Bank of Israel governor urges gov't to immediately open small businesses

One of the most burning issues in the country, Prof. Yaron noted, is the fact that a budget for 2021 has not been approved yet • "The two issues of health and economy always collide."

Amir Yaron (L) delivers a report to Benjamin Netanyahu (R) (photo credit: AMOS BEN-GERSHOM/GPO)
Amir Yaron (L) delivers a report to Benjamin Netanyahu (R)
(photo credit: AMOS BEN-GERSHOM/GPO)
The government must allow small businesses to reopen immediately, the Bank of Israel governor said Thursday.
Prof. Amir Yaron told Army Radio that the government should also pass the budget for 2021. He proposed a different outline than the one that currently exists for unpaid vacations, adding that it would allow for a gradual and flexible return of the economy to normal activity.
“Small businesses should be reopened as fast as possible,” Yaron said. “As long as the morbidity rates are not high, and enforcement and deterrence are possible, the country has to prepare for the first lockdown model and to allow these businesses to operate.”
One of the most burning issues in the country, Yaron noted, is the fact that a budget for 2021 has not yet been approved.
“Delaying the budget adds the unnecessary aspect of uncertainty to the crisis,” he said. “We can’t rely on last year’s budget for 2021; it’s too restraining. It’s essential that a budget that can adapt the tools at our disposal to the current challenges be approved as soon as possible.
“Once we have a budget, we have a platform that generates certainty and mobilizes the governmental offices and everyone involved, and mostly allows for a long-term planning process. As things stand today, we’re operating like a car that stops every few minutes,” Yaron explained. “Foreign markets are looking at us and seeing our conduct, and it’s important that they see that we’re managing our budget in an organized manner.”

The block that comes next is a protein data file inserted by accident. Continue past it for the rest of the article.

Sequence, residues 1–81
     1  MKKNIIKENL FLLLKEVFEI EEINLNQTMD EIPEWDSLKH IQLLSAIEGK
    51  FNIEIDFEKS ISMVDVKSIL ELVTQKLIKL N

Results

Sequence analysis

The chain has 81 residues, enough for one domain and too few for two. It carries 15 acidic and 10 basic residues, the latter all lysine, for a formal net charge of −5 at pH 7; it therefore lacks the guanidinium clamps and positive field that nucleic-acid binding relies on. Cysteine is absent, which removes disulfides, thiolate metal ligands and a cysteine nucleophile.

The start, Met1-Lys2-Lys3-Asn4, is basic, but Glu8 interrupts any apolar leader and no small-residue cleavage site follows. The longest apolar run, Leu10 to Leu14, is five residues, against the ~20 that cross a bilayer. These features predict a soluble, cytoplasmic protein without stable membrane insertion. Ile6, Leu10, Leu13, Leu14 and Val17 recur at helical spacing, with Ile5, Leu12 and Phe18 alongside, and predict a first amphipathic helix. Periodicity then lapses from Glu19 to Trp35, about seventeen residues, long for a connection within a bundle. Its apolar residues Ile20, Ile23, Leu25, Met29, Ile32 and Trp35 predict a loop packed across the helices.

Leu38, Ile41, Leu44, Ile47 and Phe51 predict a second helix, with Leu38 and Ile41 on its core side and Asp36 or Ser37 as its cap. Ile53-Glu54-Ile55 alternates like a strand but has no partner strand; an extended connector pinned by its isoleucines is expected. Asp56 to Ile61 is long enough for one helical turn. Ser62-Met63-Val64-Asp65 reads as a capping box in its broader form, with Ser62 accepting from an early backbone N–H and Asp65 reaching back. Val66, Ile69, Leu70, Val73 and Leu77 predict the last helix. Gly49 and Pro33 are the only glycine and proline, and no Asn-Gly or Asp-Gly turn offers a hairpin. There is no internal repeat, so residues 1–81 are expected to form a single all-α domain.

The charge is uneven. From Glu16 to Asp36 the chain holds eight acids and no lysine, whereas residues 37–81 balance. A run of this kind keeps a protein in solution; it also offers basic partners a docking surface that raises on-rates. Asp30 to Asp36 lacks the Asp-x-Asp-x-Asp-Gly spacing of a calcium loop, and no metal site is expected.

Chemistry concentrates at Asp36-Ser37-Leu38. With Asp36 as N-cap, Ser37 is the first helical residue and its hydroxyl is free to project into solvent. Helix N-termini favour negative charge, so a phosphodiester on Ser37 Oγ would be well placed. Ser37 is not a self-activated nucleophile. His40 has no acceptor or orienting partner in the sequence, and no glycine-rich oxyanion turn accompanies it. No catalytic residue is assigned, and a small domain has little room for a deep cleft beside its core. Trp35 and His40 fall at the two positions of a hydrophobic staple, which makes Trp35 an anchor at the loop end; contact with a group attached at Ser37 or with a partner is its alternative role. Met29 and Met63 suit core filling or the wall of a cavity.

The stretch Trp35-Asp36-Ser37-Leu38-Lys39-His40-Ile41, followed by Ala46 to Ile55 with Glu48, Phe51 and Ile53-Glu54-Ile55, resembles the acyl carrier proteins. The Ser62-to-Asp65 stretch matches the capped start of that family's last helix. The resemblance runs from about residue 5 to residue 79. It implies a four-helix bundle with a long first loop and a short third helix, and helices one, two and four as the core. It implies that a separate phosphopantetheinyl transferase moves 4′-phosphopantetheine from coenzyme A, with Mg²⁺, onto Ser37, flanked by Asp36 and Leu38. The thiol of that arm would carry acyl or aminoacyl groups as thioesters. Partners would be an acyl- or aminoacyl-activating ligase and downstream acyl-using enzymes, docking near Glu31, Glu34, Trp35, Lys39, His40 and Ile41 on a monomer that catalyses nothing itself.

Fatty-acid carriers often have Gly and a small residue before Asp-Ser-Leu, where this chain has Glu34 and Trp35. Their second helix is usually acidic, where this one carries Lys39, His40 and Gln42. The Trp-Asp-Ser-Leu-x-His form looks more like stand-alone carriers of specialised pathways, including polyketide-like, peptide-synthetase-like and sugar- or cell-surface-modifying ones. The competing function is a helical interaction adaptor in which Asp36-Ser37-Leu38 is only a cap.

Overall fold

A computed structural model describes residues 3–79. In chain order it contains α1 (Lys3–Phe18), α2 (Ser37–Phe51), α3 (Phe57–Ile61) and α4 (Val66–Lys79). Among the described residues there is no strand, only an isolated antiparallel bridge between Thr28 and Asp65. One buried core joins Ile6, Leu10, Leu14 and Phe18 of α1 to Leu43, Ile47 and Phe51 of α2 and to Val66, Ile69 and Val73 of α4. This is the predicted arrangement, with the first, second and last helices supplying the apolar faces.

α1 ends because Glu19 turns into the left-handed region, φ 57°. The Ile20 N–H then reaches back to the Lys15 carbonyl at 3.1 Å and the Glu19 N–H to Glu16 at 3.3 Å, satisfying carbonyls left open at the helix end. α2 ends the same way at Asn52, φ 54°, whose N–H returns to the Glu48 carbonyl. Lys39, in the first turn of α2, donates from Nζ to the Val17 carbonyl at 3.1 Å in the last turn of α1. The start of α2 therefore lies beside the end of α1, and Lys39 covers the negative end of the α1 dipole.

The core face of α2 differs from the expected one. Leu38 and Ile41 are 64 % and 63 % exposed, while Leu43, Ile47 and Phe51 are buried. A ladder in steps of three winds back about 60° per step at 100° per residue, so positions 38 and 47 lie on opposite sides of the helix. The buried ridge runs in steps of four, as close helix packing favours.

Nearing the end of the interview, the governor addressed the model of the unpaid-vacation system, which has come under fire by people claiming that it doesn’t encourage employees to return to work, nor does it encourage employers who are interested in hiring employees back.
“When the lockdown is over, we must create a mechanism that will allow a flexible return to work from unpaid vacations – for example, allowing someone to resume a half-time position while receiving a 50% unemployment benefit,” Yaron said. “That would lower the expenses for employers and give the employee an incentive,” he added.  
Yaron explained that “the unpaid-vacation model was right for Israel when the country entered a lockdown, because it allowed employers to immediately put their employees on unpaid vacation. We had a structured mechanism that allowed it, but on the other hand, we don’t have the mechanisms that Germany has regarding supervision and inspection.”
According to Yaron, “the flexible model has already been proposed several times to decision-makers. It’s currently being examined and when we come out of the lockdown, we’ll be able to implement it.”
The BOI governor also addressed the topic of financial security nets for businesses, and specifically to those relating to keeping employees. “It’s an important mechanism and it should be improved. The incentive is currently given for a period of one and a half months and I’m hoping that it will be extended for three to four months, so businesses have incentives for keeping their employees.”
He added that “these suggestions, if accepted and implemented, would allow, together with the existing model, for the labor market to slowly return to normal.”
When asked about the government’s conduct during the pandemic, Yaron refused to give a direct answer, and only said that “at the end of the day, there were many different opinions along the way, but we always presented the financial considerations. The process could have been better planned; it wasn’t a surgical process. But the two issues of health and economy always collide.”  

Translated by Tobias Siegal.